Bernie SandersBernie SandersSanders to oppose Gorsuch's nomination With no emerging leaders, no clear message, Democrats flounder Democrats can either help solve healthcare challenges or stew in their partisanship MORE is staying in the Democratic presidential race after meeting with rival Hillary ClintonHillary Rodham ClintonWith no emerging leaders, no clear message, Democrats flounder Independent investigation into Russian interference needed Obama and Trump haven’t talked since inauguration MORE, the party’s presumptive nominee, for nearly two hours at a Washington, D.C., hotel on Tuesday night. 

Sanders and Clinton met at the Capital Hilton just blocks from the White House to plot a way forward after the Democratic primary season came to a close on Tuesday. 

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Neither took questions from press after the meeting. They were whisked away in black cars behind the protection of legions of security guards and campaign aides. 

Sanders and his wife Jane went in and out of the front entrance of the hotel, which was lined with cheering onlookers who snapped pictures and yelled out his name. Campaign manager Jeff Weaver also attended the meeting.

Clinton went in and out of the back entrance to little fanfare. She was joined by campaign chairman John Podesta and campaign manager Robby Mook. 

The Sanders campaign released a statement late Tuesday night saying the group had “a positive discussion about how best to bring more people into the political process and about the dangerous threat that Donald TrumpDonald TrumpNRCC claims Obama surveillance of Trump 'confirmed' US further alienates itself on trade, nations look elsewhere for partners Harmful budget cuts won’t help GOP in 2018 and beyond MORE poses to our nation.”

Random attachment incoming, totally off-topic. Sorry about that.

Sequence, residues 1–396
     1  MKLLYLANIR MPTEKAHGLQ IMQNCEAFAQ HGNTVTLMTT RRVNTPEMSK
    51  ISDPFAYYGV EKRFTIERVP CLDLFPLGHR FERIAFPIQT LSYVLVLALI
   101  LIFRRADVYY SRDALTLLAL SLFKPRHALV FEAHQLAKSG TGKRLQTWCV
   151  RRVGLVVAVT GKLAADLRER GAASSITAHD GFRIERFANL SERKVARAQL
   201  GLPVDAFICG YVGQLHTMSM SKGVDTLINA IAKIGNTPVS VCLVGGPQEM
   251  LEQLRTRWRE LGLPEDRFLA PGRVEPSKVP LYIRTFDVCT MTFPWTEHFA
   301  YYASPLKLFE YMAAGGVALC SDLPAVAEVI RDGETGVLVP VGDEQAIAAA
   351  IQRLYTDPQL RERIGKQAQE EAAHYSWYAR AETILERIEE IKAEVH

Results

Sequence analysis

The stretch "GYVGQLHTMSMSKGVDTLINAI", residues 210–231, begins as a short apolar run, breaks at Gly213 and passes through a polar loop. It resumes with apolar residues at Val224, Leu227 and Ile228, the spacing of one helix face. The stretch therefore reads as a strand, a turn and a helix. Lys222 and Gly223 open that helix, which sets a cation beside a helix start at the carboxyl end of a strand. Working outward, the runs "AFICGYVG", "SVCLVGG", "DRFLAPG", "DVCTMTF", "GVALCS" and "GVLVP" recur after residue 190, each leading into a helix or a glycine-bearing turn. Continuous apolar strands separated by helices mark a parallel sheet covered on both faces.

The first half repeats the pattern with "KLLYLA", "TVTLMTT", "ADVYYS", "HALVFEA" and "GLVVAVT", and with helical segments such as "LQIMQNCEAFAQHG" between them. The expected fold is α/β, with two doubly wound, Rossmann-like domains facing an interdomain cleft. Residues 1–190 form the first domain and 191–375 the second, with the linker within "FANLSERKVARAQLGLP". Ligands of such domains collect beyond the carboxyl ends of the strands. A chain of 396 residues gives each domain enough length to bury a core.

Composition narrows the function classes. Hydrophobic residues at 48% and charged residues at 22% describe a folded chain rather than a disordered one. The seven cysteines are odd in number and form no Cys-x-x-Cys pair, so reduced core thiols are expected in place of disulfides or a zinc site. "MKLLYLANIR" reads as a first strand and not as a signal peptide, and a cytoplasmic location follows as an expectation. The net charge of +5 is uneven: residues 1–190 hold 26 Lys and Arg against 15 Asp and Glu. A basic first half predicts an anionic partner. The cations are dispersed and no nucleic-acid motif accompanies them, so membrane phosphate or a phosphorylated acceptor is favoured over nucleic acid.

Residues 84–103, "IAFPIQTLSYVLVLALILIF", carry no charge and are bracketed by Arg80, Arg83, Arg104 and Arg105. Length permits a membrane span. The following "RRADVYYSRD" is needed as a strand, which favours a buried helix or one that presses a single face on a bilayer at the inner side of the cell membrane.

Sanders spokesman Michael Briggs said there are still a variety of issues where they are “seeking common ground,” including raising the minimum wage, campaign finance reform, universal healthcare and more affordable college tuition.

“Sanders and Clinton agreed to continue working to develop a progressive agenda that addresses the needs of working families and the middle class and adopting a progressive platform for the Democratic National Convention,” Briggs said in the statement.

Sanders rushed from the hotel to catch a flight home to Burlington, Vt. Clinton will participate in a panel on national security in southeastern Virginia on Wednesday.

The meeting took place a half hour after polls closed in Washington, D.C., the final presidential primary of the season for either party. 

Clinton won that primary and will win the Democratic race. She finishes with an advantage of nearly 400 pledged delegates over Sanders. 

While Clinton will not earn enough delegates from the primaries and caucuses to secure the nomination outright — Democrats rarely do — superdelegates will push her across the threshold at the convention in Philadelphia in July. 

The only remaining question is when and how Sanders decides to exit the race and whether he will seek to rally his millions of supporters behind Clinton’s candidacy.